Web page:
Soon after I got to Boston, at Jany. Court Mr. Fitch came to me upon Change, and told me, that Mr. Gridley and he had something to communicate to me, that I should like, in Sacred Confidence however. I waited on Mr. Gridley, at his office, (after many Conjectures what the secret might be) and he told me, That He and Mr. Fitch had proposed a Law Clubb—a private Association, for the study of Law and oratory.—As to the Bar, he thought of them, as he did think of them— Otis, Thatcher, Auchmuty. He was considering, who was for the future to support the Honour and Dignity of the Bar. And he was determined to bring me into Practice, the first Practice, and Fitch too. He could easily do it, by recommending. And he was very desirous of forming a Junto, a small sodality, of himself and Fitch and me, and Dudley3
if he pleased might come, in order to read in Concert the Feudal Law and Tullies orations. And for this Purpose he lent me, the Corpus Juris Civilis in 4 Partes distinctum, eruditissimis Dionysii Gothofredi J.C. clarissimi notis illustratum, at the End of which are the Feudorum Consuetudines Partim ex Editione vulgata partim ex Cujaciana vulgata, appositae, as also the Epitome Feudorum Dionysio Gothofredo Authore.4
We accordingly agreed to meet the next Evening in one of Ballards back Chambers and determine upon Times, Places, and studies. We accordingly met the next Evening, Mr. Gridley, Fitch and I, and spent the whole Evening. Proposals were to read a Reign and the statutes of that Reign, to read Hurds Dialogues5
and any new Pieces. But at last we determined to read The Feudal Law and Cicero only, least we should loose sight of our main Object, by attending to too many. Thurdsday Nights were agreed on, and to meet first at Mr. Gridleys office. There we accordingly met on the Thurdsday Night following, and suffered our Conversation to ramble upon Hurds Dialogues, the Pandects, their Discovery in Italy by Lotharius in 1127, in the Reign of Stephen, upon Lambard de priscis Anglorum Legibus, in Saxon and Latin, upon Ld. Kaims [Kames]
, Mr. Blackstone &c. But we
agreed to meet the next Thurdsday night at Mr. Fitch’s, and to read the Three first Titles of the feudal Law, and Tullies oration for Milo.
1. This heading, written in a very large hand, is on the inside front cover of “Paper book No. 10” (D/JA/10), suggesting that JA planned to keep a separate record of the proceedings of this lawyers’ study club. But after a few entries in Jan.–Feb. 1765 and some fragments of a first draft of his essay on canon and feudal law, written for the club, the record breaks off. Very likely the “sodality” itself did. A couple of extraneous entries made in Aug. 1765 follow in D/JA/10, but the last half of this booklet consists of nothing but blank leaves.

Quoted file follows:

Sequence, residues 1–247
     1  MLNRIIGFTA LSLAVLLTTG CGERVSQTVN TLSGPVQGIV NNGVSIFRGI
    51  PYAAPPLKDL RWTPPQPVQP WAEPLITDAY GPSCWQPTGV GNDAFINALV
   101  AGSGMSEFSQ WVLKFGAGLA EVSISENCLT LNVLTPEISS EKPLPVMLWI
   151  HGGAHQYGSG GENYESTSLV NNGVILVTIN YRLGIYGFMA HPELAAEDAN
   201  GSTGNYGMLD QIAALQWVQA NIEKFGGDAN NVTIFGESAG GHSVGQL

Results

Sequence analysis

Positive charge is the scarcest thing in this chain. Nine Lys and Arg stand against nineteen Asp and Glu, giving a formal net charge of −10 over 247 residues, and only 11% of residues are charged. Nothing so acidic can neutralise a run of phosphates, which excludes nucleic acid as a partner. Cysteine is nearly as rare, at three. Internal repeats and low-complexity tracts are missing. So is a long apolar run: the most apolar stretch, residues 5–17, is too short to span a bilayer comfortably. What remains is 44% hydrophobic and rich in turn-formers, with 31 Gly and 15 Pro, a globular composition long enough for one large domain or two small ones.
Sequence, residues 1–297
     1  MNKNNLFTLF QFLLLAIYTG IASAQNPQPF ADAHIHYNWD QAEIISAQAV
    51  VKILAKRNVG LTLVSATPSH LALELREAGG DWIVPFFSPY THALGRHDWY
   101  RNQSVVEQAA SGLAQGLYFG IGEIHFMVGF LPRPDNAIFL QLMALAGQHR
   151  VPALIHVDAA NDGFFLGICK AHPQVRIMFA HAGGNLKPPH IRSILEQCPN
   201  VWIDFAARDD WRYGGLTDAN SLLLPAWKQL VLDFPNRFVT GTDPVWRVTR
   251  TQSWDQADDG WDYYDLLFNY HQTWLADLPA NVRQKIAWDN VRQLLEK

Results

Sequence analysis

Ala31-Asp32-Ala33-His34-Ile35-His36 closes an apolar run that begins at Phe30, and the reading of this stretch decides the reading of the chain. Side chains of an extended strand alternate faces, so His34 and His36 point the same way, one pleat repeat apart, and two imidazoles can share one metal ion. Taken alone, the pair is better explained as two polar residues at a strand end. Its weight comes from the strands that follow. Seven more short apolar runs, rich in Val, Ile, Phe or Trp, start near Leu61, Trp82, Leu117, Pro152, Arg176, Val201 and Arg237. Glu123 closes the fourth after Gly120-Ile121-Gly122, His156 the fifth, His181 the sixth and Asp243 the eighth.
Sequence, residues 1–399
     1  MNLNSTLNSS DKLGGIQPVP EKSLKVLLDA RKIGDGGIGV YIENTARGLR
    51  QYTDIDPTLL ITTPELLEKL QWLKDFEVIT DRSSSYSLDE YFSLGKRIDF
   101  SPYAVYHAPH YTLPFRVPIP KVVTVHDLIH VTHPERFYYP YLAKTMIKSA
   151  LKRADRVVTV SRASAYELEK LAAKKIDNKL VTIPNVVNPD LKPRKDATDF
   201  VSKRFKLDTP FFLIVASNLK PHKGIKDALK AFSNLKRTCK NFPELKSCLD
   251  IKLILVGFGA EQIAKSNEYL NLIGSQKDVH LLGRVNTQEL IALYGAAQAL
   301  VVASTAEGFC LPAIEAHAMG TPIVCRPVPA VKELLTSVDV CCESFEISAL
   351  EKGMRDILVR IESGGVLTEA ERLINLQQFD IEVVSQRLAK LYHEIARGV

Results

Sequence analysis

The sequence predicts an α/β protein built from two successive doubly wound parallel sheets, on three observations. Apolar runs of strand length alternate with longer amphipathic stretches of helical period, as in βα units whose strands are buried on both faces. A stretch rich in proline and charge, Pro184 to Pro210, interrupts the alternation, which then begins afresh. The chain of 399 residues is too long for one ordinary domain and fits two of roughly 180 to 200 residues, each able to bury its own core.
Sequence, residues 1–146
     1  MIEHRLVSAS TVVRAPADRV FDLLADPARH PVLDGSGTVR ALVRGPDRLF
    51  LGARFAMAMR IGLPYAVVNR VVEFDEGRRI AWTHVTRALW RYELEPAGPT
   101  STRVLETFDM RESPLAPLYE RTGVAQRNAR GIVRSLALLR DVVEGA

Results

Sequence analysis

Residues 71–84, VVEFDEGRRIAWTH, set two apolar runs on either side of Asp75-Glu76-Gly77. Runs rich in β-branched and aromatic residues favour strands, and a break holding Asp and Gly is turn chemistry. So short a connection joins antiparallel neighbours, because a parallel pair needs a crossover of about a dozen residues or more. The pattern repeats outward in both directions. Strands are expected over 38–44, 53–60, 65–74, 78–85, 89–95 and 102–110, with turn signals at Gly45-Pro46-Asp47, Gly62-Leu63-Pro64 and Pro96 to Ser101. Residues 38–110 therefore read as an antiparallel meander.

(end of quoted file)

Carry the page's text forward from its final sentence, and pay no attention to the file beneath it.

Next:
For the year 1764 there are no Diary entries at all. Lists of legal cases among his own papers indicate that JA continued to expand his practice; for example, a note from him to Samuel Quincy, 2 Jan. 1764
:Misc. Bound MSS
), lists about forty cases JA wishes Quincy to enter for him in Boston. During the spring of 1764 he served on a town committee to report a plan for repairing the highways by a tax (
Braintree Town Records
, p. 395–398). Most of April and part of May he spent with other patients at his uncle James Cunningham’s house in Boston undergoing the somewhat dangerous and extremely tedious process of inoculation against smallpox. His physician was Dr. Nathaniel Perkins, Harvard 1734, and JA’s letters during this period probably embody as detailed an account as exists of the preparatory regimen and actual process of smallpox inoculation in the 1760’s.
But the great event of 1764 was JA’s marriage to Abigail Smith of Weymouth. As early as February they were trying to fix a date; see Hannah (Storer) Green to JA, 20 Feb. 1764
(Samuel Abbott Green, An Account of Percival and Ellen Green and Some of Their Descendants
, Groton, Mass., p. 56–57). They were married on 25 October.
2. This entry appears to be retrospective and should probably have an earlier date. The meeting of the sodality that actually occurred on 24 Jan. is recorded in the following entry, the second so dated.
4. It is not possible to tell which of the numerous editions of Denis Godefroy’s Corpus Juris Civilis, first published in 1583, the club was using. As usual, JA’s quotations, even when copying directly from a printed text, are careless.
5. JA acquired his own copy of Richard Hurd’s Moral and Political Dialogues (3d edn., London, 1765; 3 vols.) in 1769, and it remains among his books in the Boston Public Library. JA made a partial marginal digest of the book when he read it, but he wrote only one marginal comment. This appears at 3:40–41, where Hurd describes the awkward manners of the typical young man who has “been well whipped through one of our public schools.” He is, says Hurd, “An absurd compound of abject sentiments, and bigoted notions, on the one hand; and of clownish, coarse, ungainly demeanour, on the other! In a word, both in mind and person the furthest in the world from any thing that is handsome, gentlemanlike, or of use and acceptance in good company!” Beside this JA wrote: “An exact description of a Dartmouth educated Schollar.”